21. Electronic Funds and Electronic Cash • Electronic funds transfer systems are computerized payment-clearing devices. • Debit cards allow stores to instantly credit the store’s account, thus eliminating the problem of trust. • Automated Clearing House (ACH) transactions are direct deposits of checks and electronic transfers, which reduce transactions costs. • Automated teller machines (ATMs) allow you to withdraw funds from your bank anytime, or the another bank. • E-money (electronic money) is digital cash people use to buy goods and services over the Internet. The Payments System

  22. 2.4 Learning Objective Explain how the U.S. money supply is measured.

  23. Measuring the Money Supply Measuring the Money Supply Measuring Monetary Aggregates Monetary aggregates are measures of the quantity of money that are broader than currency. M1 is a narrow definition of the money supply: The sum of currency in circulation, checking account deposits, and holdings of traveler’s checks. M2 is a broader definition of the money supply: All the assets that are included in M1, as well as time deposits with <$100,000, savings accounts, money market deposit accounts, and noninstitutional money market mutual fund shares.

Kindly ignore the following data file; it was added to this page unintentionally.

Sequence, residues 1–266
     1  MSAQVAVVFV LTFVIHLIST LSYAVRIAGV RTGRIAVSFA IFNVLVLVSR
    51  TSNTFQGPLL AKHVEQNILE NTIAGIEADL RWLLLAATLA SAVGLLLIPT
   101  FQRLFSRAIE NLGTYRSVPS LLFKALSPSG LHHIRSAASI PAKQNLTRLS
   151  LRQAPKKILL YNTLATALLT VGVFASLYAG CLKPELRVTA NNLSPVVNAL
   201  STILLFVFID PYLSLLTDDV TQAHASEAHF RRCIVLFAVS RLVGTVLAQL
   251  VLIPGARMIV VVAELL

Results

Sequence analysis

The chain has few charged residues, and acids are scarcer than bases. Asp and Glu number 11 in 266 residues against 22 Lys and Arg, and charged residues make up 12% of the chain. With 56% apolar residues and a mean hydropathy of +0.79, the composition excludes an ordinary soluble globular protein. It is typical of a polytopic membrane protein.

24. Measuring the Money Supply Measuring the Money Supply, October 2012 Figure 2.1

  25. Making the Connection Show Me the Money! • As more U.S. currency is held outside the United States, the ratio of currency to checking deposits increases. Measuring the Money Supply